Over a million developers have joined DZone.

Wi-Fi That Uses 10,000 Times Less Power?

Soon we expect to have dozens if not hundreds of IoT devices in our homes. Currently they use Wi-Fi. How do we deal with all those RF signals and the power needed to generate them?

· IoT Zone

Access the survey results 'State of Industrial Internet Application Development' to learn about latest challenges, trends and opportunities with Industrial IoT, brought to you in partnership with GE Digital.

It's so easy to connect a device today via Wi-Fi to your local network. Engineers design it
into their device hardware platform and you can even add it to any device that has a USB port by plugging in a small Wi-Fi dongle (that's what I use on my Raspberry Pi). But as we start communicating with more and more devices a couple of issues become important:

  1. Since all of these devices are actively transmitting on the narrow Wi-Fi RF band, they
    will eventually interfere with each other. They will interfere in the radio signal domain, and they will also interfere in the network packet exchange domain.

  2. Also many of these devices will be battery-powered (or even micro powered by motion or piezo generators. We all know that you can extend battery life on your phone or laptop if you turn off the Wi-Fi. Most of the functional circuitry on newer tiny devices use power in the milliwatt (or even microwatt) range. It is completely impractical to use 20 or so milliwatts of power just to communicate.

Here is where a fresh new technology might save the day. MIT Technology Review listed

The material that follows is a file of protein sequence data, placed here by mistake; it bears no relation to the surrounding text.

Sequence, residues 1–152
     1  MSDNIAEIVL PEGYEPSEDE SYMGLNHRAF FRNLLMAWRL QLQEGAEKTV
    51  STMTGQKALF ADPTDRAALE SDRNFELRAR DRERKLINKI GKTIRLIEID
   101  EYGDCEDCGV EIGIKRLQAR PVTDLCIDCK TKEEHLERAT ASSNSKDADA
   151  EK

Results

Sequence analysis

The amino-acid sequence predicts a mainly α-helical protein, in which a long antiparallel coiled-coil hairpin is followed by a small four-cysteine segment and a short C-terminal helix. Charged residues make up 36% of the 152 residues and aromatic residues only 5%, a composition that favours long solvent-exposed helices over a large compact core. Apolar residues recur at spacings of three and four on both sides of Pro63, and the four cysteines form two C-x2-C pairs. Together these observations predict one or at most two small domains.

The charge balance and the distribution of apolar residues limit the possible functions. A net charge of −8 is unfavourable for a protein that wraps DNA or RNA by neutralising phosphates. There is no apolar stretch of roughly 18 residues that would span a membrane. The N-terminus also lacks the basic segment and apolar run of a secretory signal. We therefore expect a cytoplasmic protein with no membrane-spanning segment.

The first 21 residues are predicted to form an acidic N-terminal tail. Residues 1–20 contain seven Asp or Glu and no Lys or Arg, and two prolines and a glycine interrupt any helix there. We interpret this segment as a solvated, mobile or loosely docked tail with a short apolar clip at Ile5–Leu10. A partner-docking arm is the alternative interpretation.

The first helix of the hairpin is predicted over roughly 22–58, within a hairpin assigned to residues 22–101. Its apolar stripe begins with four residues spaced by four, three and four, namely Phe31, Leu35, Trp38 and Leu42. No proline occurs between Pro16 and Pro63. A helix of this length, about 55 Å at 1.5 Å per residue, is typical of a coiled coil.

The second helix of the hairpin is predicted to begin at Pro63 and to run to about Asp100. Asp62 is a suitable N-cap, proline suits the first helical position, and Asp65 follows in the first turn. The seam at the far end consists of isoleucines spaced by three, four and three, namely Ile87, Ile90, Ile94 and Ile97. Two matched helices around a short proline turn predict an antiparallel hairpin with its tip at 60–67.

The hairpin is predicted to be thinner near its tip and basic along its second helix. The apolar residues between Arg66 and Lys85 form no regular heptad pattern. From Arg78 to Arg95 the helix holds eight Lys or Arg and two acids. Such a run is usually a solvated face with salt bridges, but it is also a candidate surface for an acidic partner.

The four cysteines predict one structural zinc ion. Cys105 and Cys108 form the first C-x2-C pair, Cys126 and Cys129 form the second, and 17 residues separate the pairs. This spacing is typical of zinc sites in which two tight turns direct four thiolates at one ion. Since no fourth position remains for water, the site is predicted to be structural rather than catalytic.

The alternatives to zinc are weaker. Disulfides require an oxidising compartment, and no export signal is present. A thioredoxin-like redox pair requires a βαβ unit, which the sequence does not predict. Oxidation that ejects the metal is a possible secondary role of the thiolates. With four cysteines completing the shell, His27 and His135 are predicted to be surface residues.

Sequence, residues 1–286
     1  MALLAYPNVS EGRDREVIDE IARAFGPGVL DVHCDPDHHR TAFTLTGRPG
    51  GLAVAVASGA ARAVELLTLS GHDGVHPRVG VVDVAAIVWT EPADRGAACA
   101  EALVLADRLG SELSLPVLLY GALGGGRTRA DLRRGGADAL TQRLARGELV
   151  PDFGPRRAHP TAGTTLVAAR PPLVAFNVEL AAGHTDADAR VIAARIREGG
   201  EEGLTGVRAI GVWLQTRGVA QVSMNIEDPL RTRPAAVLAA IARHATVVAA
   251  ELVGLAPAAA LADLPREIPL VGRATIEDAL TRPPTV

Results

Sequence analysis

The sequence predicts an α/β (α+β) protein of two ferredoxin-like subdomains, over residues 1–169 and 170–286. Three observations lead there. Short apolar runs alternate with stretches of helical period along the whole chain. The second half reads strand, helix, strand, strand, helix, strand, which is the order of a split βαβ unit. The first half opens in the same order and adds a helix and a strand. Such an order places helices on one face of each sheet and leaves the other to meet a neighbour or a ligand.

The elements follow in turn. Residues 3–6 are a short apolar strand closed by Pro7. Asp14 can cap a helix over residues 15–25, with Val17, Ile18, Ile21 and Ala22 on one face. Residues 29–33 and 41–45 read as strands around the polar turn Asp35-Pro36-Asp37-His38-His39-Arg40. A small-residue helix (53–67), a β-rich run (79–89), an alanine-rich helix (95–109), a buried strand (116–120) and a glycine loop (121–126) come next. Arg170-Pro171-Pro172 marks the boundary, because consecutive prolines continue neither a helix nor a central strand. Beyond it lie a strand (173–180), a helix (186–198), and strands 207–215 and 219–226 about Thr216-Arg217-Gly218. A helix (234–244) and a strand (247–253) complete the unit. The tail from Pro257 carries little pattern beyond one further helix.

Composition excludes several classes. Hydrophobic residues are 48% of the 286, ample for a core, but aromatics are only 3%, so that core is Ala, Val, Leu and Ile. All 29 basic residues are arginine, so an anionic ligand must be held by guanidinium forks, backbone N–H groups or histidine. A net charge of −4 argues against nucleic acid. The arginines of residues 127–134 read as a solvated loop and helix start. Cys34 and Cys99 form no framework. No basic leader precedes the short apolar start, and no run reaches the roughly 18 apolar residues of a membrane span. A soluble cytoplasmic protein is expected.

passive Wi-Fi as one of the top 10 new breakthrough technologies for 2016. This new technology makes it possible to use 10,000 times less power for Wi-Fi transmissions (tens of microwatts versus tens of milliwatts). From an engineering standpoint that will usually be far below the power that the device uses for its particular functionality. It makes communication practically free from a power point of view. Some of the most recent work on this is being done at the University of Washington and the scientists and engineer researchers have published their results in this paper. They will also be presenting the results at the 13th USENIX Symposium on Networked Systems Design and Implementation this March.

The data rates that have been achieved so far are up to 11 Mb per second, but before you complain that that is slower than regular Wi-Fi remember that it is still much faster (about 10 times) than Bluetooth, and at very low power, and it can communicate with billions of other devices that use Wi-Fi.

All of this is very cool, but of course it isn't magic. All of your very low power communication devices rely on one powered (plugged into the wall?) Wi-Fi transmitter somewhere in the area. What the passive system does is alter the reflection and absorption of the existing central signal and it is the alteration of that existing signal that carries the information. It's been demonstrated to work over a range of 100 feet. And it's important to stress that these altered signals are actual Wi-Fi packets: any existing Wi-Fi device can use them without modification. What could be better than having new and improved technology that plays perfectly fine with the existing infrastructure?

One interesting question is: what will happen to Bluetooth and ZigBee? Passive Wi-Fi uses much less power, has higher transmission rates, and works just fine with regular Wi-Fi. Why have a Tower of Babel with three standards and the attendant hardware and radio infrastructure cost? Why don't we just do it all with Wi-Fi?

The IoT Zone is brought to you in partnership with GE Digital.  Discover how IoT developers are using Predix to disrupt traditional industrial development models.

wifi,network connectivity,internet of things

Published at DZone with permission of Emmett Coin. See the original article here.

Opinions expressed by DZone contributors are their own.

The best of DZone straight to your inbox.

Please provide a valid email address.

Thanks for subscribing!

Awesome! Check your inbox to verify your email so you can start receiving the latest in tech news and resources.

{{ parent.title || parent.header.title}}

{{ parent.tldr }}

{{ parent.urlSource.name }}